May 21, 2017
Original image
iStock // Ekaterina Minaeva

Jacques Mattheij made a small, but awesome, mistake. He went on eBay one evening and bid on a bunch of bulk LEGO brick auctions, then went to sleep. Upon waking, he discovered that he was the high bidder on many, and was now the proud owner of two tons of LEGO bricks. (This is about 4400 pounds.) He wrote, "[L]esson 1: if you win almost all bids you are bidding too high."

Mattheij had noticed that bulk, unsorted bricks sell for something like €10/kilogram, whereas sets are roughly €40/kg and rare parts go for up to €100/kg. Much of the value of the bricks is in their sorting. If he could reduce the entropy of these bins of unsorted bricks, he could make a tidy profit. While many people do this work by hand, the problem is enormous—just the kind of challenge for a computer. Mattheij writes:

There are 38000+ shapes and there are 100+ possible shades of color (you can roughly tell how old someone is by asking them what lego colors they remember from their youth).

In the following months, Mattheij built a proof-of-concept sorting system using, of course, LEGO. He broke the problem down into a series of sub-problems (including "feeding LEGO reliably from a hopper is surprisingly hard," one of those facts of nature that will stymie even the best system design). After tinkering with the prototype at length, he expanded the system to a surprisingly complex system of conveyer belts (powered by a home treadmill), various pieces of cabinetry, and "copious quantities of crazy glue."

Here's a video showing the current system running at low speed:

The key part of the system was running the bricks past a camera paired with a computer running a neural net-based image classifier. That allows the computer (when sufficiently trained on brick images) to recognize bricks and thus categorize them by color, shape, or other parameters. Remember that as bricks pass by, they can be in any orientation, can be dirty, can even be stuck to other pieces. So having a flexible software system is key to recognizing—in a fraction of a second—what a given brick is, in order to sort it out. When a match is found, a jet of compressed air pops the piece off the conveyer belt and into a waiting bin.

After much experimentation, Mattheij rewrote the software (several times in fact) to accomplish a variety of basic tasks. At its core, the system takes images from a webcam and feeds them to a neural network to do the classification. Of course, the neural net needs to be "trained" by showing it lots of images, and telling it what those images represent. Mattheij's breakthrough was allowing the machine to effectively train itself, with guidance: Running pieces through allows the system to take its own photos, make a guess, and build on that guess. As long as Mattheij corrects the incorrect guesses, he ends up with a decent (and self-reinforcing) corpus of training data. As the machine continues running, it can rack up more training, allowing it to recognize a broad variety of pieces on the fly.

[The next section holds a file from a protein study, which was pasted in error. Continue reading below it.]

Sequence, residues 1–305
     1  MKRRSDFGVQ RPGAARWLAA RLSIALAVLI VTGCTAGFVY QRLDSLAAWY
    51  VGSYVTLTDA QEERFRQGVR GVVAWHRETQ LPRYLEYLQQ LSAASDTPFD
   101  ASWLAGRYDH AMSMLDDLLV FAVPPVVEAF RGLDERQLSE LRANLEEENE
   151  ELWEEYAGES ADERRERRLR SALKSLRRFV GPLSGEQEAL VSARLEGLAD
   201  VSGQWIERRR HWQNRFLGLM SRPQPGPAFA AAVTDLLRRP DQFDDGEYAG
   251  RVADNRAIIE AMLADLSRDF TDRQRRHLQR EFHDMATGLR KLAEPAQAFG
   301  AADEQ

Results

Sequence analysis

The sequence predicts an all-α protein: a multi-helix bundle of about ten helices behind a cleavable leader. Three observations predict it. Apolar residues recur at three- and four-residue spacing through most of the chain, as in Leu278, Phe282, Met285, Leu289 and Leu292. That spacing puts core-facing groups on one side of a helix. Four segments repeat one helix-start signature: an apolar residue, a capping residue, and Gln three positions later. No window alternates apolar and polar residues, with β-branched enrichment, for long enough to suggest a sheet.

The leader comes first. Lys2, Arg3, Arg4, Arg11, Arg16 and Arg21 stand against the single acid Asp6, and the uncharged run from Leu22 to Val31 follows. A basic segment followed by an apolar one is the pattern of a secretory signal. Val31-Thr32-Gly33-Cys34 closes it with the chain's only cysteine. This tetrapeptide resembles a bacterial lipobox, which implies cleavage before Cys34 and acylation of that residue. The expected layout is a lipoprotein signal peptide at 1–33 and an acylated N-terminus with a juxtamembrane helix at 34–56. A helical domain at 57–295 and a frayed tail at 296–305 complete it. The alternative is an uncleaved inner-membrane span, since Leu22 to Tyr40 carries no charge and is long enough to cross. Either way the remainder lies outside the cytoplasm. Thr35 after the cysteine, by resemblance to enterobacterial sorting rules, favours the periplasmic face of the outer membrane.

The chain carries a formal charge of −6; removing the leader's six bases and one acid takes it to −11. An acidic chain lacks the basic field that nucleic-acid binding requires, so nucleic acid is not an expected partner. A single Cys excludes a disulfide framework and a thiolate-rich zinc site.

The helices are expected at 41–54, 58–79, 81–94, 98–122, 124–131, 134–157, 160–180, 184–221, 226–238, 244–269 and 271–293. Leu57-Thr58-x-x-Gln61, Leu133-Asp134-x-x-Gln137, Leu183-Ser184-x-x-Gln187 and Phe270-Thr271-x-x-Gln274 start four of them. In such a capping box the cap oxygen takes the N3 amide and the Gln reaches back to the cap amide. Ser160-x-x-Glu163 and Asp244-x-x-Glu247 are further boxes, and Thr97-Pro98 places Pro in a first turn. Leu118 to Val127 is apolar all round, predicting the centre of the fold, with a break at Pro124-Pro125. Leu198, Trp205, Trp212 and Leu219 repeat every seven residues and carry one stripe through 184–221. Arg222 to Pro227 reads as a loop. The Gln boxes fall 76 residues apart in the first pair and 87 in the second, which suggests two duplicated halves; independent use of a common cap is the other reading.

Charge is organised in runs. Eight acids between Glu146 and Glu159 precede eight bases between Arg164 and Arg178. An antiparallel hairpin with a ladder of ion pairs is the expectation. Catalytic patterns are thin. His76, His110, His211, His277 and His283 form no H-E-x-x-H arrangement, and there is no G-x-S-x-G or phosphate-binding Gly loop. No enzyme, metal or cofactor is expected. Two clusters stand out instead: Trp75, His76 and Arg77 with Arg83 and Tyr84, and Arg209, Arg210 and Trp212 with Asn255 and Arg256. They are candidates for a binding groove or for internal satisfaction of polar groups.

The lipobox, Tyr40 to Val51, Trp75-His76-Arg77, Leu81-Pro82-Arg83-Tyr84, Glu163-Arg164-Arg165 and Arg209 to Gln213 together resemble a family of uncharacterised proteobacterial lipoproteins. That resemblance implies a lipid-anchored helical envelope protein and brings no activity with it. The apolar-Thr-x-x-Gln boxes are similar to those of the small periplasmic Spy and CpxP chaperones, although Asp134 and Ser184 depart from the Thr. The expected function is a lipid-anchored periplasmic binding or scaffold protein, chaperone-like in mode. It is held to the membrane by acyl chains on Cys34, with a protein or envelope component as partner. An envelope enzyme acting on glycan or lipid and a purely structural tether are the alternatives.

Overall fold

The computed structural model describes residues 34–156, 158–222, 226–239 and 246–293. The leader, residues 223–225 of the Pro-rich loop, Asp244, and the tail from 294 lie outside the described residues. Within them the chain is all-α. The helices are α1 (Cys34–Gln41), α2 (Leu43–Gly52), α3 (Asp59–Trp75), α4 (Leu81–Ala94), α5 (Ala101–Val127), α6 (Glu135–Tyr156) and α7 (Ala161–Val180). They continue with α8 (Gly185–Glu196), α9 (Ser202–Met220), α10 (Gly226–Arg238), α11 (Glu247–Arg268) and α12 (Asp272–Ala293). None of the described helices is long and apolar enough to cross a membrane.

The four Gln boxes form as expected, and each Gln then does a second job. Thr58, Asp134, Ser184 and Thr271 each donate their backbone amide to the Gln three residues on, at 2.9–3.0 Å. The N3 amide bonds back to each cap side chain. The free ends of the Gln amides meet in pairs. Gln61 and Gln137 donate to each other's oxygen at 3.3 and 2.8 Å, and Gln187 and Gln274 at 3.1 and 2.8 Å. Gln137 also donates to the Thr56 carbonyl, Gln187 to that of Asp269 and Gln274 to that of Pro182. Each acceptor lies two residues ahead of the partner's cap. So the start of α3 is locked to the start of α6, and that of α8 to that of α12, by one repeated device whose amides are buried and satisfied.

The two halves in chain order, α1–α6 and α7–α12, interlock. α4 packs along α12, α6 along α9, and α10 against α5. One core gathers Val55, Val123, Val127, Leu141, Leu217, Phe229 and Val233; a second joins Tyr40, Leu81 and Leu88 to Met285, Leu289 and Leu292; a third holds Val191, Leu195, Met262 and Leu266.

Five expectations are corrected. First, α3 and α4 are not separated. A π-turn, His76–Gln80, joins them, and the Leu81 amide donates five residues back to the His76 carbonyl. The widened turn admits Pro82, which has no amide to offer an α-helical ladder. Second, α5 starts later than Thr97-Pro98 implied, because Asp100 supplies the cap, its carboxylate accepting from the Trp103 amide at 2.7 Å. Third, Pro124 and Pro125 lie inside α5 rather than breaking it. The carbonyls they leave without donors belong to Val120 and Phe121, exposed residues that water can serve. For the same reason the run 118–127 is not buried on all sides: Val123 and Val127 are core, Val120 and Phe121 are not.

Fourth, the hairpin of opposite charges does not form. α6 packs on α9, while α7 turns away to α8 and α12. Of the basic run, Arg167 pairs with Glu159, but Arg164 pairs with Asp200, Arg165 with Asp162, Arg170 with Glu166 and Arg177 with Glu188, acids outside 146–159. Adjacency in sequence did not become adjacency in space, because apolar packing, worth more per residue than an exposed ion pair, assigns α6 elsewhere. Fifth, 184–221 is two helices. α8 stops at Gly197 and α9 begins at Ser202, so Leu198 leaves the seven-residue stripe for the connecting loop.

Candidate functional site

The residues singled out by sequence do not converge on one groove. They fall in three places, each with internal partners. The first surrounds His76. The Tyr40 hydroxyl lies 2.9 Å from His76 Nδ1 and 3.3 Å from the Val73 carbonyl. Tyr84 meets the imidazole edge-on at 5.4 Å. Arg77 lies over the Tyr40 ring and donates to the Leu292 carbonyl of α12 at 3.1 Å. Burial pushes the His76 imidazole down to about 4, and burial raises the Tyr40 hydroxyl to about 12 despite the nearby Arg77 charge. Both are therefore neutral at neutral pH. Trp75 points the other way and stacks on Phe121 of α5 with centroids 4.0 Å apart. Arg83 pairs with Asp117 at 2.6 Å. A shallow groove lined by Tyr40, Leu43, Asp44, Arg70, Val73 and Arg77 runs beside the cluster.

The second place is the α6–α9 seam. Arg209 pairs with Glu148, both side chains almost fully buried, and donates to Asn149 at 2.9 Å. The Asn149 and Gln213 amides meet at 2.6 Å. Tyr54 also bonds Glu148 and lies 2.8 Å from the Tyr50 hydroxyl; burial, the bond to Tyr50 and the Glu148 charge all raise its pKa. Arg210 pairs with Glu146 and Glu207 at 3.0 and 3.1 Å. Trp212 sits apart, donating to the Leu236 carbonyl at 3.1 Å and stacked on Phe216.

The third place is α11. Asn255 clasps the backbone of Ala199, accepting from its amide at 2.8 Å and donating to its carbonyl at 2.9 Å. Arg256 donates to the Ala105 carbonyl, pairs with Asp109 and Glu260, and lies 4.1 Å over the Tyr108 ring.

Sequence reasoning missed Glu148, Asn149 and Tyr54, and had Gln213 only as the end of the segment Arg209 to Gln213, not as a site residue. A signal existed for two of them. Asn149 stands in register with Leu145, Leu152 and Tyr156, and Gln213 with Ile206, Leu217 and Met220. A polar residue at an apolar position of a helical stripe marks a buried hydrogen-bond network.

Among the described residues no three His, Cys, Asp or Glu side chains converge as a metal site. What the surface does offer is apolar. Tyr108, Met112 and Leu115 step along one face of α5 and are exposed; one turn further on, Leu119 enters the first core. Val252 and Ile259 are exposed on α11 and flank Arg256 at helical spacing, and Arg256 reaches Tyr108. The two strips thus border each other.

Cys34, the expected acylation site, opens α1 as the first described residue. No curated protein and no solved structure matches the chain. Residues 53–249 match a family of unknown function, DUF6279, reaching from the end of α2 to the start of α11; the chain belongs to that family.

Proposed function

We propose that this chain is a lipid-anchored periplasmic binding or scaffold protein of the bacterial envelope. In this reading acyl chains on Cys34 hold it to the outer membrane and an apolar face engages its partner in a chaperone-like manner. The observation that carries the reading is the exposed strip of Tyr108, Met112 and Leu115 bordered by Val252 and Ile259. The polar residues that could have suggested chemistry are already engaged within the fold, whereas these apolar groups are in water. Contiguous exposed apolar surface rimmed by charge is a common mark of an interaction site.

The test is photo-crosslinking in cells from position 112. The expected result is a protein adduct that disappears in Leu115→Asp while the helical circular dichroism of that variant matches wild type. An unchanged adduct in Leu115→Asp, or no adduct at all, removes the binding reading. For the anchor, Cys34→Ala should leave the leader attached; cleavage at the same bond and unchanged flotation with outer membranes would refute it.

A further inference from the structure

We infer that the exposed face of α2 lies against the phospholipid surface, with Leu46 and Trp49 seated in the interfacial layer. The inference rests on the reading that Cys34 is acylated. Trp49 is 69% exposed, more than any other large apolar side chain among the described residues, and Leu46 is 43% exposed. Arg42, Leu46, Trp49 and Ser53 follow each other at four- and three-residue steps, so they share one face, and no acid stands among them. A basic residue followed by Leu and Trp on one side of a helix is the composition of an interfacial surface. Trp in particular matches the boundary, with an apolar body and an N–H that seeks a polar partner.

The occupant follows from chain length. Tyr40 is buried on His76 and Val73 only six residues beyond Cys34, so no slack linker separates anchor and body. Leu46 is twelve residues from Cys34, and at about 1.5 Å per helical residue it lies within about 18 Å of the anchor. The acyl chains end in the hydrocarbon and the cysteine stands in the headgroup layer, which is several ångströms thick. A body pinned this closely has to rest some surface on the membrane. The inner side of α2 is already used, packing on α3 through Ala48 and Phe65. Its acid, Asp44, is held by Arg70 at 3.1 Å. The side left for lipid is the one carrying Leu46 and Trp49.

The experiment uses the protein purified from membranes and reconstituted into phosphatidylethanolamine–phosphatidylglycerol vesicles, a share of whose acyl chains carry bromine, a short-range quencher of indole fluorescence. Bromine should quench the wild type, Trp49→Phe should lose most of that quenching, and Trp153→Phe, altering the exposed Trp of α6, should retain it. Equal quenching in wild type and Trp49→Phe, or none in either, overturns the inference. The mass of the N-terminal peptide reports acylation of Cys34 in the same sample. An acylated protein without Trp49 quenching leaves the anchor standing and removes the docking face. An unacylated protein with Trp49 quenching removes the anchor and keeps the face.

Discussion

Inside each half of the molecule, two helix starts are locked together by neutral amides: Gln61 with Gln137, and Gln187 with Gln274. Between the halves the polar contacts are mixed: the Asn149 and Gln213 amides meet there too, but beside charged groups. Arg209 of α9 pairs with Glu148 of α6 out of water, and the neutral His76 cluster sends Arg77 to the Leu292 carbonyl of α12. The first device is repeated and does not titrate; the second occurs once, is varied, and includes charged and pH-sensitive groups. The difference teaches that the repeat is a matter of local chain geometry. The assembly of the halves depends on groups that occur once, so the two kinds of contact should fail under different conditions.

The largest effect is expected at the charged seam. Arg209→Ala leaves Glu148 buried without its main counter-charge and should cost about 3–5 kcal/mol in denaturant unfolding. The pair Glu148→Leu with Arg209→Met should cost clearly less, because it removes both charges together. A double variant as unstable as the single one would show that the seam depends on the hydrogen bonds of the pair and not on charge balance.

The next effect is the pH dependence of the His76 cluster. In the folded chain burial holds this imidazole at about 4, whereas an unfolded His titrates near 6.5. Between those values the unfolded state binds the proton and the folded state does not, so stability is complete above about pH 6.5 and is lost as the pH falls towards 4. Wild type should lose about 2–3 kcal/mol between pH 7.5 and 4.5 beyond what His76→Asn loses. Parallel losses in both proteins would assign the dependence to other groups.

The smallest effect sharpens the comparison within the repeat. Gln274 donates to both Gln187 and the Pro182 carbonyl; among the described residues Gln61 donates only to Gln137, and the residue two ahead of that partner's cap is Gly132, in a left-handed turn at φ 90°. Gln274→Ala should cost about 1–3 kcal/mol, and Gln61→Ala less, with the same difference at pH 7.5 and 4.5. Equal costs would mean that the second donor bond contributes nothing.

Here's another video, focusing on how the pieces move on conveyer belts (running at slow speed so puny humans can follow). You can also see the air jets in action:

In an email interview, Mattheij told Mental Floss that the system currently sorts LEGO bricks into more than 50 categories. It can also be run in a color-sorting mode to bin the parts across 12 color groups. (Thus at present you'd likely do a two-pass sort on the bricks: once for shape, then a separate pass for color.) He continues to refine the system, with a focus on making its recognition abilities faster. At some point down the line, he plans to make the software portion open source. You're on your own as far as building conveyer belts, bins, and so forth.

Check out Mattheij's writeup in two parts for more information. It starts with an overview of the story, followed up with a deep dive on the software. He's also tweeting about the project (among other things). And if you look around a bit, you'll find bulk LEGO brick auctions online—it's definitely a thing!

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Nick Briggs/Comic Relief
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What Happened to Jamie and Aurelia From Love Actually?
May 26, 2017
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Nick Briggs/Comic Relief

Fans of the romantic-comedy Love Actually recently got a bonus reunion in the form of Red Nose Day Actually, a short charity special that gave audiences a peek at where their favorite characters ended up almost 15 years later.

One of the most improbable pairings from the original film was between Jamie (Colin Firth) and Aurelia (Lúcia Moniz), who fell in love despite almost no shared vocabulary. Jamie is English, and Aurelia is Portuguese, and they know just enough of each other’s native tongues for Jamie to propose and Aurelia to accept.

A decade and a half on, they have both improved their knowledge of each other’s languages—if not perfectly, in Jamie’s case. But apparently, their love is much stronger than his grasp on Portuguese grammar, because they’ve got three bilingual kids and another on the way. (And still enjoy having important romantic moments in the car.)

In 2015, Love Actually script editor Emma Freud revealed via Twitter what happened between Karen and Harry (Emma Thompson and Alan Rickman, who passed away last year). Most of the other couples get happy endings in the short—even if Hugh Grant's character hasn't gotten any better at dancing.

[h/t TV Guide]